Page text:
Of Rice and Beans

After an arduous journey through a sea of troubles I find myself sitting at the Hotel Nacional, taking in the smell of the waves crashing against El Malecon de Habana. Four hours in the air, twelve hours in the terminal, and countless of calories consumed through airport junk food has brought me to this moment in time, both antique and modern. Brand new Nissan Centras ride the roads next to Chevy Bel Airs as the air is filled with the sounds of Sinatra and Bieber. It’s a place fluid in style and in culture.
When I first arrived in-country, I noticed the overwhelming presence of the government. Cuban flags and men in green were seen on every street to the point where it would’ve been almost natural to see Patrick Swayze pop out of the bushes screaming “Wolverines!”
However, as we traveled closer to our rescidencias, the environment took on an entirely different atmosphere. Gone were the military and pro-Communist influence, replaced by soft lighting and bright colors. It was as if we had ended up on the shore of a Latin American metropolis. Of course, this could have been a side effect of a 9 PM to 3 AM flight delay.IMG_2232
This dichotomy continued on the first morning (2 hours later, mind you) when we awoke to a grey, drizzling sky and a trip to the Jose Marti Memorial, directly in the heart of the government center, and thus Havana itself. The bland constructionist architecture blended in with the overcast sky behind it, creating a drab plaza littered with red stars. The pride of socialism was made most present by the large statue of Marti, imposing over the square and its inhabitants. The interior of the concrete tower he guarded contained his entire history, of fighting and freedom, of diplomacy and exile, showcasing the Cuban trait of independence. And yet as I stared at the iron mural of Che Guevara, I wondered where the homely city fit in with this ideal.IMG_2239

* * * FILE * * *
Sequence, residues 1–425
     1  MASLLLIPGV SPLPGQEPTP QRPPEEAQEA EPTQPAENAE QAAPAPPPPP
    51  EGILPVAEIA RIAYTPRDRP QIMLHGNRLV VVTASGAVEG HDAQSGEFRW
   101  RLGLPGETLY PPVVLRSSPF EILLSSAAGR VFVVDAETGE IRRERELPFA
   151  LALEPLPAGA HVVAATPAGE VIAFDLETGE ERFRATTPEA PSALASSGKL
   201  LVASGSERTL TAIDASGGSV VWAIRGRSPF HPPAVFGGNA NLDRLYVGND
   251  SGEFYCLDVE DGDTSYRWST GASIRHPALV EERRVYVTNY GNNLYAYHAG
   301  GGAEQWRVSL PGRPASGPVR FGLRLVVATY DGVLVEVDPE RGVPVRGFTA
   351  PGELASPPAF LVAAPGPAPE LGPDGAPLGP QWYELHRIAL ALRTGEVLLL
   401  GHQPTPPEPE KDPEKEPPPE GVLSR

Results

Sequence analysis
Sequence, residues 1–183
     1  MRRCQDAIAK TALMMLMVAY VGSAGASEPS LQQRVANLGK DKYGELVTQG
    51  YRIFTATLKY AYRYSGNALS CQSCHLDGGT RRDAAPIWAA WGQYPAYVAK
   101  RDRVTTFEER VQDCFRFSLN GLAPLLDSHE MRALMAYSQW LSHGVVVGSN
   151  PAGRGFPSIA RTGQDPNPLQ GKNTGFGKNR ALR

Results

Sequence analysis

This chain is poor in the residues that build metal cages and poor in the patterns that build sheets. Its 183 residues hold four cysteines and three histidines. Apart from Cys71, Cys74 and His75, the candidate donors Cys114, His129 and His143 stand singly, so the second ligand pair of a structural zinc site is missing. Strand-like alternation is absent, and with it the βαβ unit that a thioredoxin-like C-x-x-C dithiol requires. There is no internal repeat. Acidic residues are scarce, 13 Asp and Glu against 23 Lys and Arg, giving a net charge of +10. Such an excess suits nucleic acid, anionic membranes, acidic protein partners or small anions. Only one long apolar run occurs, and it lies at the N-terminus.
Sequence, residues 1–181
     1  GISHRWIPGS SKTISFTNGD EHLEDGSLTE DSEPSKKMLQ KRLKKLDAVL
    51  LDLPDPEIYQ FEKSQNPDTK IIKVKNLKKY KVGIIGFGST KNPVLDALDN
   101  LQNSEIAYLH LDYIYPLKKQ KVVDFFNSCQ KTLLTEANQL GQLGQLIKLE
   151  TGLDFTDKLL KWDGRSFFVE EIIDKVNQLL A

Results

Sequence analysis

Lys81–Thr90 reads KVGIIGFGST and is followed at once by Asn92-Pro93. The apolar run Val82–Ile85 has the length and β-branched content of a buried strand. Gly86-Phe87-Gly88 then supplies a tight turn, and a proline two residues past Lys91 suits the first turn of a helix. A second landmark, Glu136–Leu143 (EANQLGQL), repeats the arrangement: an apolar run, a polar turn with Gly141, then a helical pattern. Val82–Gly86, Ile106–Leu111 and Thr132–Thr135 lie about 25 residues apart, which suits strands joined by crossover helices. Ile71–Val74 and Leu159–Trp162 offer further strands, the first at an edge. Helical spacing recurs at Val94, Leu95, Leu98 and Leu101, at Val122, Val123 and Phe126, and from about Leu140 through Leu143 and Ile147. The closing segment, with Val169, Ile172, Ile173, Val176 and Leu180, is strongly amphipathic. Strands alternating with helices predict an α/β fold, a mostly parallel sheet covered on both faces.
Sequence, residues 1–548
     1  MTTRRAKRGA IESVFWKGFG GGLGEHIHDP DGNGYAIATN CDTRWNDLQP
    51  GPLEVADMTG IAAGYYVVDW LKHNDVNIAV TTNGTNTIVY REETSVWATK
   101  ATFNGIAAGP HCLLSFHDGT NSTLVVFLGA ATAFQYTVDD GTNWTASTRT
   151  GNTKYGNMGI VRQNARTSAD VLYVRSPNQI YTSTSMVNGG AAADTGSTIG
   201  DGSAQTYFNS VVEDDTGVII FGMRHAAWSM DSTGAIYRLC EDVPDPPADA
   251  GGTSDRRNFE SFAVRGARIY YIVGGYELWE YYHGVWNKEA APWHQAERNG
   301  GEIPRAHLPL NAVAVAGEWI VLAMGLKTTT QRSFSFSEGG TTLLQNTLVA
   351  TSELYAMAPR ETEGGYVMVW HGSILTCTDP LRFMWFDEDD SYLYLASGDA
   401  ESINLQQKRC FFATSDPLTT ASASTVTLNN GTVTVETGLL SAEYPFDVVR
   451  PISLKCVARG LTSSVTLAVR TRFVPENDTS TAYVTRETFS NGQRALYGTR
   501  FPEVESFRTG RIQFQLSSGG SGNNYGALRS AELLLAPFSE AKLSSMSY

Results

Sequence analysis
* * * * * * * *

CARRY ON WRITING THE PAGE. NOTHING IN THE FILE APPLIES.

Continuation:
With that question in mind, the second say brought us an even stranger twist: Old Havana. The bright palate and Spanish architecture lit the streets in a festive atmosphere, fueling a chic and paradiso vibe. Walking among the throngs of tourists, I saw capitalist-styled shops and artistic street performers akin to something you’d find in an American or European city. Gentrification was hidden behind the pastel walls, with modern conveniences provided at no small cost. After experiencing this touch of heaven, I was still confused as to why there was an equally imposing style.DSC_0811
Until, that is, I looked up. I saw the beautiful clock tower of old Havana and the serious looking windowed box of the government building in the same image. And then it hit me: Cuba’s charm is its fluidity, changing from socialist modernism to consumerist tourism in the blink of an eye. Like their delicious plates of rice and beans, the bland but necessary rice is complemented by the juxtaposition of the hearty and flavorful beans. Yet were one not to exist without the other, the system would fail.
So as I sit in my rescidencia in one of the East German-esque apartment buildings, facing the Hotel Presidente, I can appreciate the almost hidden art in its existence. Next to the harsh reality of Communism lies a plaza of bliss, creating a society of determined yet generous people. With an expansion of American pop culture in the city and an ease in tension between neighbors, I am left to wonder. Will this Caribbean Gemini continue to shine for future generations.?